The Child Savers: The Invention of Delinquency

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Hailed as a definitive analytical and historical study of the juvenile justice system, this 40th anniversary edition of The Child Savers features a new essay by Anthony M. Platt that highlights recent directions in the field, as well as a critique of his original text. Platt's argues that the "child savers" movement was not altruistic but, instead, a punitive and intrusive attempt to control the lives of working-class urban adolescents. This edition places it in historical context and features an essay by Miroslava Ch???vez ...

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KD892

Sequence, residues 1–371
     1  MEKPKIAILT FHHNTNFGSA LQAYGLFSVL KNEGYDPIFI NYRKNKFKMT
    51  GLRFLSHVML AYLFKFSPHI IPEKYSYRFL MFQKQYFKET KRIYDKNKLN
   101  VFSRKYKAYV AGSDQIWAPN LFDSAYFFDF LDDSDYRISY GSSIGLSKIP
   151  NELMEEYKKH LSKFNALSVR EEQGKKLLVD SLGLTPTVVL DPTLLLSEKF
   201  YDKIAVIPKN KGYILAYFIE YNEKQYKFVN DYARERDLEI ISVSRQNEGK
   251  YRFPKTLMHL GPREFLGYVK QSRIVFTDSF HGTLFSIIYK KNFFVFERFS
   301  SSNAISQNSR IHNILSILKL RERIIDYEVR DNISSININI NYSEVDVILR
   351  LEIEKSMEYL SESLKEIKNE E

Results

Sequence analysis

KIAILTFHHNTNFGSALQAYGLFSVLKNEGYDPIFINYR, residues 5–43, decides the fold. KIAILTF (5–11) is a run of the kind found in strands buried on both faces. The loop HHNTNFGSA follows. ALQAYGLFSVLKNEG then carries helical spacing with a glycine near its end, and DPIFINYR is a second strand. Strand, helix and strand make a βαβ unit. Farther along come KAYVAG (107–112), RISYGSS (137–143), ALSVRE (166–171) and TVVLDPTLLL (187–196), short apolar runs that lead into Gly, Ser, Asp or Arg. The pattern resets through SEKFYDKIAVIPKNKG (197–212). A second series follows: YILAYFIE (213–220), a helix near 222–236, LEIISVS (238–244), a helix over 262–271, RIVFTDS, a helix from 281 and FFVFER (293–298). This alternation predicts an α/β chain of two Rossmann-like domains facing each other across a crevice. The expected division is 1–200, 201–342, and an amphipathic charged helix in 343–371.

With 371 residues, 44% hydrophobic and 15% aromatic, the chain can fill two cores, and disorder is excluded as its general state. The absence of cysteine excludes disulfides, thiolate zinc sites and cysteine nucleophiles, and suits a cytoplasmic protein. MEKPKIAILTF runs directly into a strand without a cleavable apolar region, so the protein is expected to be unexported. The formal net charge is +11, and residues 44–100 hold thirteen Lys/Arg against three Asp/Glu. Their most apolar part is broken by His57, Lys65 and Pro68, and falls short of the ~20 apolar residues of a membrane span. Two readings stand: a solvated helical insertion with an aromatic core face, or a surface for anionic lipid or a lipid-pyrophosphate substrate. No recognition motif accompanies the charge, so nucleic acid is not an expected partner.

Jul 31, 2009

Were they really Child Savers?

Platt looks at the juvenile reform movement in Cook County Illinois at the turn of the century that resulted in the formation of the first separate juvenile court system. Calling themselves the Child Savers, this group of reformers has often been depicted as having nothing but the welfare of wayward and delinquent children in mind.
Platt portrays the movement for what it really was--not just reform, but a movement started by members of the upper classes to "clean" up the streets that these abandoned children occupied. The main goals of the Child Savers may have been tooted as keeping children safe from the perils of an adult criminal system ill equipped to deal with youths, but the real efforts were hardly so pure.
Platt covers the movement in its entirety, and he does not sugarcoat the facts. Readers are given the information and allowed to come to their own conclusions.
This work should be a mandatory read for anyone interested in delinquency or juvenile justice.

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